Additive and Non-additive Genomic Summaries for Outcome Prediction in Chronic Kidney Disease audioicon

Many of the most widely-used approaches for relating genomic measurements to disease outcomes involve reducing the genomic data through additive summaries. While additive summaries are unlikely to capture the information in genomic data at its most fundamental level, there are compelling statistical arguments supporting the use of such approaches in practice. I will discuss some aspects of summarizing gene expression measurements using both additive and non-additive signatures in the context of our work to identify predictive signatures of disease progression in chronic kidney disease (CKD).

First we demonstrate the existence of linear functions of gene expression that predict renal performance, and provide some results that indicate how these correlations may improve when larger data sets become available. Second, we consider the marginal correlations between the expression of individual genes and disease outcomes, and demonstrate that many genes have different marginal correlations in the different CKD subtypes. Third, we consider complementary information in multiple genes, and assess how information from several genes may combine to improve a prediction. Time permitting, we will also discuss a particular type of non-additive relationship that can potentially be estimated even in modest data sets.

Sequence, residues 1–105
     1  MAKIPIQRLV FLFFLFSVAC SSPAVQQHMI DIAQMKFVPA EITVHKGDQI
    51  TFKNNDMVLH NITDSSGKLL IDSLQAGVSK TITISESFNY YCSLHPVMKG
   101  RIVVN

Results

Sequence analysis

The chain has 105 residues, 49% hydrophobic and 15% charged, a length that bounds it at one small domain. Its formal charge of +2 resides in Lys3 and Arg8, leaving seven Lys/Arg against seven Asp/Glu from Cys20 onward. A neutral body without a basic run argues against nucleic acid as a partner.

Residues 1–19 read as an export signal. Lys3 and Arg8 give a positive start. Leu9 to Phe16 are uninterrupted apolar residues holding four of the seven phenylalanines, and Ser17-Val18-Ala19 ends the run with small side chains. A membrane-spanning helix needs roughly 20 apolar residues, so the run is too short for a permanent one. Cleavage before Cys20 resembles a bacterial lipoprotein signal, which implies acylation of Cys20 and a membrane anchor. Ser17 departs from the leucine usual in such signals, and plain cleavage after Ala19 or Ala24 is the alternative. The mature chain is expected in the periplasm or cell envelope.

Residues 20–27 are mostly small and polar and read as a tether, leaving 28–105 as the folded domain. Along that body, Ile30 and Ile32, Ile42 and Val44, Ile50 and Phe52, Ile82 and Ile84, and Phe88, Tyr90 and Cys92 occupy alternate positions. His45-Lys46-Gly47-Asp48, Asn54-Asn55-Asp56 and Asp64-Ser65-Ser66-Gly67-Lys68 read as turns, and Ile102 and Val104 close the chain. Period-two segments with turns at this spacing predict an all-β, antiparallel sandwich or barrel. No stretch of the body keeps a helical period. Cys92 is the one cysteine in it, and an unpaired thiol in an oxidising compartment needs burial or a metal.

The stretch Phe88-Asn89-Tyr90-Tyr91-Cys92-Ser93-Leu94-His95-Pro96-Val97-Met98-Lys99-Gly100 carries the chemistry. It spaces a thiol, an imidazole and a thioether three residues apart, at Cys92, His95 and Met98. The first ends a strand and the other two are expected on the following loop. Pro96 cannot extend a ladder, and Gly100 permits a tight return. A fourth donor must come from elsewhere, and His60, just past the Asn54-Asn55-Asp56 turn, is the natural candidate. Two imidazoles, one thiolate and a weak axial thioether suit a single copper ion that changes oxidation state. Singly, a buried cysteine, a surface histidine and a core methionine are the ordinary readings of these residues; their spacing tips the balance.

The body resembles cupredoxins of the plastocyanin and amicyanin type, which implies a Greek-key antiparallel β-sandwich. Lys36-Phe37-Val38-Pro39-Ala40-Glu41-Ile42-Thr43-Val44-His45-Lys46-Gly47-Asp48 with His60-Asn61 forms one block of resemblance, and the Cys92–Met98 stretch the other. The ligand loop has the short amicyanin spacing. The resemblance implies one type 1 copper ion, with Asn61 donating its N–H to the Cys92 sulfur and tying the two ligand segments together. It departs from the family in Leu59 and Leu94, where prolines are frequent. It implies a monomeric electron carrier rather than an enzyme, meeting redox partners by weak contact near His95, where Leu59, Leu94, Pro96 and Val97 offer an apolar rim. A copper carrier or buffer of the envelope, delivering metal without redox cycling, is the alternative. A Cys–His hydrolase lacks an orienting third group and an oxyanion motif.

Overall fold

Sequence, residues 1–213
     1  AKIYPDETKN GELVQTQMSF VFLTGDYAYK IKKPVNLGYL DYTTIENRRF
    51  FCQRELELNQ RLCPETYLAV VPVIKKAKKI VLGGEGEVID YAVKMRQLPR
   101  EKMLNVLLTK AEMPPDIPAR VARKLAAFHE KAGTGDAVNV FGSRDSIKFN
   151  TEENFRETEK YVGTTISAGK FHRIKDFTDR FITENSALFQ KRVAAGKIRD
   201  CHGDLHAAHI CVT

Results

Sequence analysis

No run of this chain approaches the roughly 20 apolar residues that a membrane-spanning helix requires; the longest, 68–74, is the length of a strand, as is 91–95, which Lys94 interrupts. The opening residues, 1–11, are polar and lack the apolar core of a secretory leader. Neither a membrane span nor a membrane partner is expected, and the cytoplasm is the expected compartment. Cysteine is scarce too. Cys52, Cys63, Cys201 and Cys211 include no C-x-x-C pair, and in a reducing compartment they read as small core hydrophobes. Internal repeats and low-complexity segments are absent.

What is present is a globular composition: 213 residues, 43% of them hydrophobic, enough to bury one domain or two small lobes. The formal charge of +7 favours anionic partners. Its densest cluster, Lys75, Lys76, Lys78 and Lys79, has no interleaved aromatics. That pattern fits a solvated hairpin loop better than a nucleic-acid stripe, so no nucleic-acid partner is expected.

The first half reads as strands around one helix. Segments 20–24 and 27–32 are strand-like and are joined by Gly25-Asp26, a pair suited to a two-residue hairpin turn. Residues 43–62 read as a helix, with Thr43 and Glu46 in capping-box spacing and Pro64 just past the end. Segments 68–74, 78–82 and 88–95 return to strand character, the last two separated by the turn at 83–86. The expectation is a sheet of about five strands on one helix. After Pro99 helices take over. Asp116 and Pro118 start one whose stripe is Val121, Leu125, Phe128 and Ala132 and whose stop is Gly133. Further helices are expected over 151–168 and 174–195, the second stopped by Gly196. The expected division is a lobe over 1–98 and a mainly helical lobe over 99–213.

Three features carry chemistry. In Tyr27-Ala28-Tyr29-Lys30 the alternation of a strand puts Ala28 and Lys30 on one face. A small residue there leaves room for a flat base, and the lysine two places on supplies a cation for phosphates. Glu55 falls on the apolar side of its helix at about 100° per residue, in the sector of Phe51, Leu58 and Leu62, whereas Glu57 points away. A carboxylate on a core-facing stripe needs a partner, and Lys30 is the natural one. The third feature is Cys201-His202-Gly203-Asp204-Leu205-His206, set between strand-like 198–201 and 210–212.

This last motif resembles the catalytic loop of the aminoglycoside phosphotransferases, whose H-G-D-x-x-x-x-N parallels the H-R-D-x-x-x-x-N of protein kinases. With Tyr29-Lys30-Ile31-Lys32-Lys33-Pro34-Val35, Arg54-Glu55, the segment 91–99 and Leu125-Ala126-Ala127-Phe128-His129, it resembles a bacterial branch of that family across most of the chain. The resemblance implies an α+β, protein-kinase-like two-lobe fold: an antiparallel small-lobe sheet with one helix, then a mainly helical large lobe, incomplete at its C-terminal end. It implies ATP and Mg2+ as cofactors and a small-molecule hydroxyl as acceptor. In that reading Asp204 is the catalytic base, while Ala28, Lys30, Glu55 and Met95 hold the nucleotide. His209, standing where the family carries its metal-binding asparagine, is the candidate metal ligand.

This was presented at the ISN Forefronts Symposium event “Systems Biology and the Kidney” that took place from 7-10 June 2012 in AnnArbor , Michigan, US.

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Last modified on Saturday, 22 March 2014 20:10

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